When J.S.Bach performed the St. Matthew Passion
on Good Friday in Leipzig, how many performers did he have? More
particularly how many singers did he have? Much academic ink has
been spilt over this issue. Bach routinely performed music at
St. Thomas's Church with tiny forces, and that on an ordinary
Sunday. One voice to a part was probably commonplace. He would
certainly not have been surprised at a performance like that on
the recent recording by Paul McCreesh and the Gabrieli Consort,
which uses just eight singers. But the Good Friday Passion was
a special event in the musical calendar and prefixed by a music-free
Lent, which would have given performers additional time to rehearse,
so some commentators argue that these performances encompassed
not just Bach's existing choir, but past pupils coming back to
join them. We shall probably never know, as there is frustratingly
little detail about the early performances of these seminal works.
Our performance tradition for Bach's Passions
dates from the 19th century when Mendelssohn revived
the work. Since then it has been shoe-horned into the standard
oratorio line-up which developed in the 19th century,
with four soloists (plus Evangelist and Jesus), large choir and
orchestra. The same forces could, effectively, perform everything
from Messiah and the St. Matthew Passion to Beethoven's Ninth
Symphony, Elijah and the Verdi Requiem. The last twenty years
have seen this monolithic oratorio edifice being dismantled as
we come to understand the differences in performance practice
in the works … even Elijah is starting to gain its eight soloists.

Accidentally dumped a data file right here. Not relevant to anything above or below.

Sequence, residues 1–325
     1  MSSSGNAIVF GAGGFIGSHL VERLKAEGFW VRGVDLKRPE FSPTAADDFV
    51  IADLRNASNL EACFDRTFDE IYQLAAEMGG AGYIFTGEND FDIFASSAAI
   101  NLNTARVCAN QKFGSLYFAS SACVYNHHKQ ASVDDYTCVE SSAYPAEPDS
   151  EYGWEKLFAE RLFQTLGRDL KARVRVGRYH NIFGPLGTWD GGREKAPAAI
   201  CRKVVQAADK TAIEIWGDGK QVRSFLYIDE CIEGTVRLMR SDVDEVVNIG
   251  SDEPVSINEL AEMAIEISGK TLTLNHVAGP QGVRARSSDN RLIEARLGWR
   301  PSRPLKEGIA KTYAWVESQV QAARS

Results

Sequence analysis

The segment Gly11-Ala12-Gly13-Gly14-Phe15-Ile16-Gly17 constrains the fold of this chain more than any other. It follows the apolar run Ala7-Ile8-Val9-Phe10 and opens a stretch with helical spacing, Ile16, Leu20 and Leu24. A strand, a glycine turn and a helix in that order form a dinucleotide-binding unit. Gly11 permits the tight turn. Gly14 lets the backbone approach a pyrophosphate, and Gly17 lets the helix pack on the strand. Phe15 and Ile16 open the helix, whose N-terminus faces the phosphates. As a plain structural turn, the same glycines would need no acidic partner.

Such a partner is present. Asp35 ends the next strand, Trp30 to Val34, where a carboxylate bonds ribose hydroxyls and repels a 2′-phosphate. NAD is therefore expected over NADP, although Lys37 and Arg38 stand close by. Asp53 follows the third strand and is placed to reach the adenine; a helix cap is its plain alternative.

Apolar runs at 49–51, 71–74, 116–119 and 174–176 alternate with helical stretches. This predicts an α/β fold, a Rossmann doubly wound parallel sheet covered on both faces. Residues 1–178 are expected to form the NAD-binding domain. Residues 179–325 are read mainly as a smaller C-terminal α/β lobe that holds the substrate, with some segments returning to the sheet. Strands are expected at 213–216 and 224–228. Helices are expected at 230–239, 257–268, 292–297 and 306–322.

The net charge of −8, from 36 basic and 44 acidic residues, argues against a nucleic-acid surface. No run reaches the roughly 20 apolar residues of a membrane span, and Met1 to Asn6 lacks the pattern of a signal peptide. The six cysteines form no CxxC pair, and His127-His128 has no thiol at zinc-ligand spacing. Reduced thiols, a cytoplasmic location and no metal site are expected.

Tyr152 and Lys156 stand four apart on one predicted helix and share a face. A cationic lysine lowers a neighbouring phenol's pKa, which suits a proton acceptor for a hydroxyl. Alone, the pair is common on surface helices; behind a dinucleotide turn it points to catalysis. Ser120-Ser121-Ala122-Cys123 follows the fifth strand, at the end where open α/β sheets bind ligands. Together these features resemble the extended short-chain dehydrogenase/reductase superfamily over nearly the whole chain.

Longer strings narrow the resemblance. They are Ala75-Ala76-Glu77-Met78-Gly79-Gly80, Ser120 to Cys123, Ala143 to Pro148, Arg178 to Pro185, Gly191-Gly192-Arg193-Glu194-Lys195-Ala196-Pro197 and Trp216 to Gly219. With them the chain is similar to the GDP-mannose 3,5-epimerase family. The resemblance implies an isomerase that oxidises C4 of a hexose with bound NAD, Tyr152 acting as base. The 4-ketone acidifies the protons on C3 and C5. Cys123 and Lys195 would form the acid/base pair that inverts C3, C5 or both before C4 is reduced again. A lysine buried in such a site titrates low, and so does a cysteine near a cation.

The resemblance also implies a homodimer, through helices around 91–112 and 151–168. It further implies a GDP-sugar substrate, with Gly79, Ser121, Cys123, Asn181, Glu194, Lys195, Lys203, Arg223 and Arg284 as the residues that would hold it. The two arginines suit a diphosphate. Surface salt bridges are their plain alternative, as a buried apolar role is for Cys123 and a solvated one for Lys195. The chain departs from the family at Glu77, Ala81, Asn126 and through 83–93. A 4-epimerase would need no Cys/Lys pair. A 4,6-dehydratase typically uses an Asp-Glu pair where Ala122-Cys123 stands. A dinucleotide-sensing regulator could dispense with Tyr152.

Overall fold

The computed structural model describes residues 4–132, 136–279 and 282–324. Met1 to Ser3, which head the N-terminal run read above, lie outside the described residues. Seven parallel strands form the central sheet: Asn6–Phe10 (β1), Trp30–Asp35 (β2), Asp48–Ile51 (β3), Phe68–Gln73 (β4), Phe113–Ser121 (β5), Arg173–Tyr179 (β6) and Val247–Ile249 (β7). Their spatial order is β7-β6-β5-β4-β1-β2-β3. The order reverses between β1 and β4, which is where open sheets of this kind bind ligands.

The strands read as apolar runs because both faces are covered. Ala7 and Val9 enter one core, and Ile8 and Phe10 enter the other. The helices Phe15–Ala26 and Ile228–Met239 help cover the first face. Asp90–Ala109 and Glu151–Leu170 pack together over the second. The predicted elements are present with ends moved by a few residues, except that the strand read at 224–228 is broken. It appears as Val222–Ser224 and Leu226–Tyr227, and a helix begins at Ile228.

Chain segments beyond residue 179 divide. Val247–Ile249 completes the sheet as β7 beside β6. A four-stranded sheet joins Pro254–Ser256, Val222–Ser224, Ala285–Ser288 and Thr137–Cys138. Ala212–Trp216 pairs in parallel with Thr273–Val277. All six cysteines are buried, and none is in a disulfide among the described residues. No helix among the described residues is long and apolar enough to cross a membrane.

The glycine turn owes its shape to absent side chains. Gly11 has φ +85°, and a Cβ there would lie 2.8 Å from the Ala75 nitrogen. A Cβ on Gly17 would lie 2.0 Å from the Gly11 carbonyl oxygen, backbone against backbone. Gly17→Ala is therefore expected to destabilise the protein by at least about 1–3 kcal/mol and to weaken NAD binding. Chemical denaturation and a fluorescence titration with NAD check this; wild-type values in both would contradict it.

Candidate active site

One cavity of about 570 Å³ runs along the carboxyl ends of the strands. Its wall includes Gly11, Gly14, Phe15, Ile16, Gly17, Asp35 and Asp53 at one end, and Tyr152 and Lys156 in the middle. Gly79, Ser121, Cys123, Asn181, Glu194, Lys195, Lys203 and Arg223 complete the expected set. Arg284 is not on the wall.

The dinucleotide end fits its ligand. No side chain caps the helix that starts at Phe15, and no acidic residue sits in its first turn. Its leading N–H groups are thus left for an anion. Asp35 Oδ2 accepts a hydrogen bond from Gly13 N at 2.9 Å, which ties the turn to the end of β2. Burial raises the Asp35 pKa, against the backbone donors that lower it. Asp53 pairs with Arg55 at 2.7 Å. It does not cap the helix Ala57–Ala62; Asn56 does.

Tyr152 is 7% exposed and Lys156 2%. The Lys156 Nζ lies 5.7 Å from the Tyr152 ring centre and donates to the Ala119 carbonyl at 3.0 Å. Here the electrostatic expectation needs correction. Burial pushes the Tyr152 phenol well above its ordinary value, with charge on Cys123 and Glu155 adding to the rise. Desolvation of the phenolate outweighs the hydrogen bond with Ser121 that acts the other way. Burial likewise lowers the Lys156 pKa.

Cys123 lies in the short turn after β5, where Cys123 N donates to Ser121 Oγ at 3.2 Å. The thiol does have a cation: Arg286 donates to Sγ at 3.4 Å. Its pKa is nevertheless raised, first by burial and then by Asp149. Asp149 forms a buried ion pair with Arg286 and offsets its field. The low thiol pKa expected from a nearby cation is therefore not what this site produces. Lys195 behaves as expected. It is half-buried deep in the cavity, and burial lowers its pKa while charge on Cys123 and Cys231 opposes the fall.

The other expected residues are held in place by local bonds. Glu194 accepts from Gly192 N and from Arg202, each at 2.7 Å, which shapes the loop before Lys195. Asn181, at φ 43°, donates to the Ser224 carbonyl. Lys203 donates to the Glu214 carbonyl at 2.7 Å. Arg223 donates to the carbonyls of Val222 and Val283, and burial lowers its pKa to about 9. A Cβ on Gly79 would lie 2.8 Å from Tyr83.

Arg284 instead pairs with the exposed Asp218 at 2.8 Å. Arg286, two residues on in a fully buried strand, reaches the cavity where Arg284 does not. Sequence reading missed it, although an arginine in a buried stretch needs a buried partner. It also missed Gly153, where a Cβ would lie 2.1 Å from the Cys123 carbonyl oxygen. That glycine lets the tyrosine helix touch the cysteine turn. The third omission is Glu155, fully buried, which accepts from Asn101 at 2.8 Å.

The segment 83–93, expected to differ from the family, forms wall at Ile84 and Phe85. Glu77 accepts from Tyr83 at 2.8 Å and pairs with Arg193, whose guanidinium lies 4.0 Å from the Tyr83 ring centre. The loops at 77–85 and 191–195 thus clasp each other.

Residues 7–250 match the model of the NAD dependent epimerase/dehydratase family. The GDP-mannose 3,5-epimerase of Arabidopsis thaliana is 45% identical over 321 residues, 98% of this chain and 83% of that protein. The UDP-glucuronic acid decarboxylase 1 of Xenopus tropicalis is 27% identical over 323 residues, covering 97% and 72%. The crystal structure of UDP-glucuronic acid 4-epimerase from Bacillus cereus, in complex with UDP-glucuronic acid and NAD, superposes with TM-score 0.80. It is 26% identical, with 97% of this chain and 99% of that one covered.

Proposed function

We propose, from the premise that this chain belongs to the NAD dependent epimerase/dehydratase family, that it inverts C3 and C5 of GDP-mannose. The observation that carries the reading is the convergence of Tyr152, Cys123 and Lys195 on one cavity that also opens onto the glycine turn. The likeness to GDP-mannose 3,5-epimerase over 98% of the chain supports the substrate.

The St. Matthew Passion is designed to be performed
by double forces, eight soloists, double choir and double orchestra.
For his final version of the work, Bach even split the continuo
into two, so that there were consistently two different performance
groups. This recording of the St. Matthew Passion is a very traditional
one. It uses a nineteenth century line-up with just four soloists
plus Evangelist and Jesus and though the choir is accompanied
by the Brandenburg Consort, playing on original instruments, the
recording has a very well upholstered sound. If Bach was prone
to fits of fantasy as he lay in bed at night after a taxing day
rehearsing and performing the work with inadequate forces, then
he may well have imagined this sort of well-upholstered performance
based, perhaps, on forces at court. It could be argued that this
type of performance is the fulfilment of this sort of supposition.
But we don't know, and it could just as well be that Bach would
have been horrified at the 'overblown' nature of the performance
compared to his lean Leipzig forces, but I doubt it. All we can
do is take the performance and judge it on its own merits.
The disc's primary advantage is the presence
of the choir of King's College, Cambridge. I love the sound that
this type of choir makes in this music, whether it is authentic
or not. (Bach's choir used teenage boy altos rather than counter-tenors).
They do sound glorious, from their opening moments in the very
first, great chorus. But as I listened to the performance more,
doubts began to creep in. It may be a fault of the recording process,
but I felt that the boys lack presence and I began to wish that
I were listening to a choir with a more continental sound. And
then there is the issue of diction. Performing and recording regularly
in an acoustic like King's cannot help, but the choir's German
diction leaves something to be desired. The soloists, particularly
Rogers Covey-Crump's wonderful high tenor Evangelist, have exemplary
diction which rather puts the choir in the shade. But when all
is said and done, King's still has that magical King's sound and
it is here in the service of one of Bach's greatest works.
John Eliot Gardiner has recorded the work for
Archiv with his mixed voice Monteverdi Choir and the English Baroque
Soloists with an array of fine soloists. Despite the differences
in type of choir it is a comparable recording to this one. Both
conductors even manage to come up with performances of a similar
duration, though their attitude to the different movements varies
and Gardiner is probably rather more interventionist. Also Gardiner
has far more separation between his two choirs, which makes the
double choruses far more effective.